My son left home at the age of 10, and I lost track of where he was for most of his life.

For a time, I tried to keep up with the news by texting him and trying to keep in touch with him.

But then he would not come home.

He would not tell me what was going on at home or school.

I was devastated.

I went into my own crisis of identity.

My family lost their jobs.

I lost my job, but it was not because of my child.

It was because of other things.

My family and I had to move from one place to another.

I left my home country of Saudi Arabia to go to a new country with a different culture, a different language and a different environment.

I had to find a new job.

I had no other choice.

But I found that my family was not the only ones affected.

There were a lot of parents and siblings who had to take their child out of school because they had no jobs.

They would go to work and then work, and then return home to spend their time with their children.

I was struggling with depression and self-harm.

I used to think that if I could just get myself back on my feet, that I could be happy.

I thought that if my child could just be my friend, I would be happy and that I would not have to go through all of that.

But it didn’t work that way.

I started having suicidal thoughts.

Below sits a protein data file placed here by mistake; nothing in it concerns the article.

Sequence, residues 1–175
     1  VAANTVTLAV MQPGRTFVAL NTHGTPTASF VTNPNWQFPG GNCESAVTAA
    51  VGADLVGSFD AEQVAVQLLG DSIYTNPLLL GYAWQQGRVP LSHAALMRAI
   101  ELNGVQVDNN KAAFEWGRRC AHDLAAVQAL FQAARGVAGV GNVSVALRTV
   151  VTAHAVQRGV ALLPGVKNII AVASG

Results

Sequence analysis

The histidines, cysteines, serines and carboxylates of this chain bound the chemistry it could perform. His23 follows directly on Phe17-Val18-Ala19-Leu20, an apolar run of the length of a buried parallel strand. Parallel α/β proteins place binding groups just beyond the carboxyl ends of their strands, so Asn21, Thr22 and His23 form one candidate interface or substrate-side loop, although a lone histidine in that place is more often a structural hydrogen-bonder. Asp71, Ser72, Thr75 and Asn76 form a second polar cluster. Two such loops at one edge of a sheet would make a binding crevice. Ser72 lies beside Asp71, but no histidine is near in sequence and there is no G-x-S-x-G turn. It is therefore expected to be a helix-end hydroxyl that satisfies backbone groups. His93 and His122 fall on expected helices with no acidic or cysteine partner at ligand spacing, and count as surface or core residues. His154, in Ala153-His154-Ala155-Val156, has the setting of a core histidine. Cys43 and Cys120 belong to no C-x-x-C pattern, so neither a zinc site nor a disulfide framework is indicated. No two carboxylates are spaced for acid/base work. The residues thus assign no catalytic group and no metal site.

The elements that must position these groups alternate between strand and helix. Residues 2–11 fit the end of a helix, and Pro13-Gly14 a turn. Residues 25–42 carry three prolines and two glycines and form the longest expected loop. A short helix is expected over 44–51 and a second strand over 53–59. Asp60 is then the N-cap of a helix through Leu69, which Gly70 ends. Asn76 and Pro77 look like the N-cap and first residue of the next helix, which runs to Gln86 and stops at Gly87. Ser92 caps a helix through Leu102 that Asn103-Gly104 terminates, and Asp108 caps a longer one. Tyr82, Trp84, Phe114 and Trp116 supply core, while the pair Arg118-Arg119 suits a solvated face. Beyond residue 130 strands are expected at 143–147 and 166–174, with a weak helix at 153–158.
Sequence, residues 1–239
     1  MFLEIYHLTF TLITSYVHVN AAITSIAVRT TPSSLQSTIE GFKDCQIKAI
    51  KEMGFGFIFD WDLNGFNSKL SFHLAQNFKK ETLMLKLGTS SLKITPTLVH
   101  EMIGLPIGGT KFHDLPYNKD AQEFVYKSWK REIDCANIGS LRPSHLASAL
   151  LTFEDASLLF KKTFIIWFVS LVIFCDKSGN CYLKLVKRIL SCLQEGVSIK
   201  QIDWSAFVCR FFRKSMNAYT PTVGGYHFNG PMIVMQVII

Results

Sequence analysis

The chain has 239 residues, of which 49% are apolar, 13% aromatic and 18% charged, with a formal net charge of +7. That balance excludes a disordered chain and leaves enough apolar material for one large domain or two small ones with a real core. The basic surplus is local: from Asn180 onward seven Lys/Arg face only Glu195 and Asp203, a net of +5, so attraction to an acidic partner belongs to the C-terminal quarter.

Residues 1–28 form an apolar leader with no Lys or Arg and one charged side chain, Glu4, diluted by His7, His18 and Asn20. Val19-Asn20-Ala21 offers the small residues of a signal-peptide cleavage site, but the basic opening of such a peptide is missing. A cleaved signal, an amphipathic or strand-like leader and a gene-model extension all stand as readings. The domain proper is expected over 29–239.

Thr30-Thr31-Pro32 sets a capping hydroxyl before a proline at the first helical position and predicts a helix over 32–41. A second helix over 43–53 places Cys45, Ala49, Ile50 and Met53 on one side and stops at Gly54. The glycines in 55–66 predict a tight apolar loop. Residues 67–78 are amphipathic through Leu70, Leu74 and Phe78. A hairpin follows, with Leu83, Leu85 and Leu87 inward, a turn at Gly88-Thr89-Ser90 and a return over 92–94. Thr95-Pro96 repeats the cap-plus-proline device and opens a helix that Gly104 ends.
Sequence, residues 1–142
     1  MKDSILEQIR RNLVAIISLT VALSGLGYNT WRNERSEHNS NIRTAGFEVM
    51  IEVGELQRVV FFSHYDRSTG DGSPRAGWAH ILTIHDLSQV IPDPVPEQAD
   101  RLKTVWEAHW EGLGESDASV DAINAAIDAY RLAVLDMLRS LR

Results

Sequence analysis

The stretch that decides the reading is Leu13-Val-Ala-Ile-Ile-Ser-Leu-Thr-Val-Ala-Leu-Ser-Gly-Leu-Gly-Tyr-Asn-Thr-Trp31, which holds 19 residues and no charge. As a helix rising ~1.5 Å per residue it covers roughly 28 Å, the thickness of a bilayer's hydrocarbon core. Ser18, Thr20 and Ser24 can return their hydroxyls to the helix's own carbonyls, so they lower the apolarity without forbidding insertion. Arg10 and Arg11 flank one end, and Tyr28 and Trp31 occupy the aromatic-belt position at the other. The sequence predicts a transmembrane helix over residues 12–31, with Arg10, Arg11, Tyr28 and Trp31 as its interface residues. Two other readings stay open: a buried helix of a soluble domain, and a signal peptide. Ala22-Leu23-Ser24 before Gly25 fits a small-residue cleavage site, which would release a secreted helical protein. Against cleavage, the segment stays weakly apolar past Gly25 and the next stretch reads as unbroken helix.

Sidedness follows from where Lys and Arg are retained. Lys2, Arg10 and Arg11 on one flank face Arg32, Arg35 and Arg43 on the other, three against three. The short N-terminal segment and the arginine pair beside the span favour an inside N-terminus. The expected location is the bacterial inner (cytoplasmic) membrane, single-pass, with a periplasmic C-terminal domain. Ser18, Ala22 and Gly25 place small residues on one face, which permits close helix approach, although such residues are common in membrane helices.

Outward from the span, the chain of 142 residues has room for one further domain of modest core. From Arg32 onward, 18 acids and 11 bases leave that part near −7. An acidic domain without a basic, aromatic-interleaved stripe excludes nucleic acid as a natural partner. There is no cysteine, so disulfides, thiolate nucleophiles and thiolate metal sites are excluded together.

My father was also in that situation.

My mother had a lot to lose.

I have had a long, hard and painful journey with depression.

But now I can say I was lucky to have the right kind of help to deal with my own mental health issues.

This is not a story about the child.

This is a story of a family, and a community.

It is also a story that needs to be shared.

This story should be shared by the people who can help to ensure that we don’t lose our young people, or those that are left behind.

It should be a story for us to understand that our children need support.

It should be for us and for the parents of our young children.

I know it’s not easy, and that is why we want to help.

It’s not about us.

It’s about our children.

It is about our communities.

It can happen anywhere in the world.

In some places, it is not even a problem.

In other places, children are in danger.

We must understand that it’s our children that are in this situation.

I don’t think we will ever be able to undo the trauma of losing our children, but we can try to make sure that it doesn’t happen to another child in our future.

I hope that you will join me in my quest to raise awareness and build a bridge between people and the problems we all face.

Thank you,My name is Ashfaq Khan.

I’m a journalist from London, and am writing a book about my experience of the British media in the aftermath of the Charlie Hebdo attack.

You can follow me on Twitter @ashfaqkhan.

Follow us on Twitter at @mashablenews, @themash,  @meghanmichaeland @thesamayor

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